Increased functional connectivity (FC) is unable to compensate for tissue damage and prevent cognitive dysfunction in patients with multiple sclerosis, according to a study published in the June issue of Radiology.
Deep gray matter is thought to be affected in patients with multiple sclerosis, and previous MRI studies have indicated that significant correlations exist between clinical disability and thalamic ultrastructural changes and atrophy in patients with relapsing-remitting multiple sclerosis. Moreover, researchers have shown that white matter thalamocortical connections are altered in patients with multiple sclerosis. Lead author Francesca Tona, MD, of the Sapienza University of Rome, and colleagues investigated thalamocortical FC by using resting state MRI and evaluated the effect of functional thalamic resting state networks (RSN) on cognitive impairment in patients with relapsing-remitting multiple sclerosis.
The study included 48 patients with relapsing-remitting multiple sclerosis and 24 control subjects who underwent multimodal MRI, including diffusion-tensor imaging, 3D T1-weighted imaging, and functional MRI at rest along with a neuropsychological examination with the Paced Auditory Serial Addition Test (PASAT).
After analyzing the functional MRI data with tools from FMRIB Software Library, the researchers found that the patients showed gray matter and white matter atrophy and diffusion-tensor imaging abnormalities when compared with the control subjects.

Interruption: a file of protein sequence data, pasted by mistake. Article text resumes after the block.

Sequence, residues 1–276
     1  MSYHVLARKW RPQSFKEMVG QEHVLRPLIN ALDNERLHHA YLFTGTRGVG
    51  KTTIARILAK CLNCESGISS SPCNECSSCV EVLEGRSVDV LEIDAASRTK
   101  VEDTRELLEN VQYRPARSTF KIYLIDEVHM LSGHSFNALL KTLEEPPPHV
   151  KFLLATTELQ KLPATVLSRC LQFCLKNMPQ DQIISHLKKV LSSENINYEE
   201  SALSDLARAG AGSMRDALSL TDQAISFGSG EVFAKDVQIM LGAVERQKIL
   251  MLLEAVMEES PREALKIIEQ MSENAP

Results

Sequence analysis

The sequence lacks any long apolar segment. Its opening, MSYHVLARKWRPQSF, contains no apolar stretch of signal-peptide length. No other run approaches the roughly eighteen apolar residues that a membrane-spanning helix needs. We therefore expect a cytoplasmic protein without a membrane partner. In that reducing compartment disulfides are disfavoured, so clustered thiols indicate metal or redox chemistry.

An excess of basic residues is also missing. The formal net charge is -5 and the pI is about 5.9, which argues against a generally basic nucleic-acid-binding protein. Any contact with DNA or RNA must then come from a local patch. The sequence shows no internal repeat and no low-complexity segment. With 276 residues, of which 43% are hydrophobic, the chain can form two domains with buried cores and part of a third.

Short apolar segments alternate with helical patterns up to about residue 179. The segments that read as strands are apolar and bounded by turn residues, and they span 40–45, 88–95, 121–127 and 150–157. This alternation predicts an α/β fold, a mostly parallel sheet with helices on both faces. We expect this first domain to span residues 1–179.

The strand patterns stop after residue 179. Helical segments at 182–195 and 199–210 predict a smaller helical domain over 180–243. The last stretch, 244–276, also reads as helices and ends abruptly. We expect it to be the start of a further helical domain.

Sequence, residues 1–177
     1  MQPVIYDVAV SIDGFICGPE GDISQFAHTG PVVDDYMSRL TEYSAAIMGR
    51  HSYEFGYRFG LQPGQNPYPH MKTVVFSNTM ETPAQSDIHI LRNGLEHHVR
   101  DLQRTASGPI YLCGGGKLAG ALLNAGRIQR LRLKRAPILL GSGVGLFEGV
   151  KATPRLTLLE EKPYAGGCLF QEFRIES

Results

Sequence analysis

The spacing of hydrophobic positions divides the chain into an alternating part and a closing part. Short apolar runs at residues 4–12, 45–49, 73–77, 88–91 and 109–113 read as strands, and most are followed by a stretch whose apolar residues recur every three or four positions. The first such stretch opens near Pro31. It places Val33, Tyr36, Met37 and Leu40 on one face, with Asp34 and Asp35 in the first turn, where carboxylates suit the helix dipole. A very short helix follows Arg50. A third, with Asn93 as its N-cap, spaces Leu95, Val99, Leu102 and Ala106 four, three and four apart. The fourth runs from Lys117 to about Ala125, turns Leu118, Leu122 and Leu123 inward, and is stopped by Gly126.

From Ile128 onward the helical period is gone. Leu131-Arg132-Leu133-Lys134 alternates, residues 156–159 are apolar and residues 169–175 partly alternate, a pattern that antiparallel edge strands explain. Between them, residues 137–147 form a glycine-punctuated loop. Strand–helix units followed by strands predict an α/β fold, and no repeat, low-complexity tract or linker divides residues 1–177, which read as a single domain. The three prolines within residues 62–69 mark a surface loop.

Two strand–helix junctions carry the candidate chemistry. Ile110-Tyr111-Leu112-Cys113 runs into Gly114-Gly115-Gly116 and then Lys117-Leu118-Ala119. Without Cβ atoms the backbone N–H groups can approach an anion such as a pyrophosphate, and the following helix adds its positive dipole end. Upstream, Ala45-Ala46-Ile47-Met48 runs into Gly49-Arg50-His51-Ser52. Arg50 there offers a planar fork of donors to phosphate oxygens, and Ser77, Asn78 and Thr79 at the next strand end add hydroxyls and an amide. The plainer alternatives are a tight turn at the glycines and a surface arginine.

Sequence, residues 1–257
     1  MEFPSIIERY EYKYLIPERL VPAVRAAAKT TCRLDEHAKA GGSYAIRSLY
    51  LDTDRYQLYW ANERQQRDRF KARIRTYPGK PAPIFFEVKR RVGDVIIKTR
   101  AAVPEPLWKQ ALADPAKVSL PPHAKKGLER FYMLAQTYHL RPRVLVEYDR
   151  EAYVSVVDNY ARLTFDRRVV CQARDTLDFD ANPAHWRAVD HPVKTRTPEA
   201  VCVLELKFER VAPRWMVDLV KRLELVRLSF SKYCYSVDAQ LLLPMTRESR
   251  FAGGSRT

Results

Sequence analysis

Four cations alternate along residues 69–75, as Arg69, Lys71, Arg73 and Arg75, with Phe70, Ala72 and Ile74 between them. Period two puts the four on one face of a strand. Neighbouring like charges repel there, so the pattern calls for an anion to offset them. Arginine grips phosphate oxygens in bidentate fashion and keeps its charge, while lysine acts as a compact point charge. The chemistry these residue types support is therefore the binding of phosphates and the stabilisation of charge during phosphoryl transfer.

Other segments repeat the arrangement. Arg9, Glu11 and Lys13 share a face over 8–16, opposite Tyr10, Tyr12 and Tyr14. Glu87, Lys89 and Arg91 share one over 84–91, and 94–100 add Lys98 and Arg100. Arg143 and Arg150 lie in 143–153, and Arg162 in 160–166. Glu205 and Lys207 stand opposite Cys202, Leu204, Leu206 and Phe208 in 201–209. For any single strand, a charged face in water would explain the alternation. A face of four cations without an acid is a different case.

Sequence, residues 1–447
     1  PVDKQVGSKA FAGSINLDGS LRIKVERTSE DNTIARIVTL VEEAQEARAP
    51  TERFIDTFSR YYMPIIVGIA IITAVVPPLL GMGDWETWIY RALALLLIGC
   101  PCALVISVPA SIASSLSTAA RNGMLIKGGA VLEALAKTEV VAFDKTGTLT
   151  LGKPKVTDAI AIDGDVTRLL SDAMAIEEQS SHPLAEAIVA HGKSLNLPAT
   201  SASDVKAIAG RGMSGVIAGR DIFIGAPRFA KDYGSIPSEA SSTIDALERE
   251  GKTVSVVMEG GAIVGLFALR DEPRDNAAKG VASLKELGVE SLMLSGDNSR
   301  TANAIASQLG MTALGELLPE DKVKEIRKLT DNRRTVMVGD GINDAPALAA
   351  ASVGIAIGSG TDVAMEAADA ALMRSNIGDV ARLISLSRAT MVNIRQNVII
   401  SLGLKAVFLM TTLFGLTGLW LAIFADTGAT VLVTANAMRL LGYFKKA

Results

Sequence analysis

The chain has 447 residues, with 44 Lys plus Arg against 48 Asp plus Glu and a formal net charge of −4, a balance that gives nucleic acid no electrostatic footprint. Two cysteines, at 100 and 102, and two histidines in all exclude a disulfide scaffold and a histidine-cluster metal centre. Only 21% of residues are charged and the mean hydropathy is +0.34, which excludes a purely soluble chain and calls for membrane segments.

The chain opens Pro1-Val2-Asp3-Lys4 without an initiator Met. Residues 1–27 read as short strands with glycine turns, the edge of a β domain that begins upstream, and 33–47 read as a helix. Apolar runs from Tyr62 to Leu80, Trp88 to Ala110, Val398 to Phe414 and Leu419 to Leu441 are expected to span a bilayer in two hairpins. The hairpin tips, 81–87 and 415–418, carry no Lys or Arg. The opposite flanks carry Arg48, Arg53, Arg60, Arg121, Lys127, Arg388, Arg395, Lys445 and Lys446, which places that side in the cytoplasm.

Patients exhibited significantly greater synchronization than control subjects in the cerebellum, basal ganglia, hippocampus, cingulum, and temporo-occipital, insular, frontal and parietal cortices. Patients also showed significantly lower synchronization in the thalamus, cerebellum, cingulum, and insular, prefrontal, and parieto-occipital cortices.
In the patients, the PASAT score at three seconds was significantly inversely correlated with the thalamus, cerebellum and some cortical areas in all cerebral lobes. The PASAT score at two seconds correlated even more significantly with all of the previously listed regions as well as the cingulum and the left hippocampus.
“Our results indicate a strict correlation between FC and cognitive performance in patients with relapsing-remitting multiple sclerosis, suggesting that changes in neuroplasticity are unable to prevent the cognitive decline; we cannot, however, establish whether they limit its clinical effects to some extent,” wrote Tona and colleagues. “Further studies that also include patients with other MS phenotypes would lend strength to these findings,” they concluded.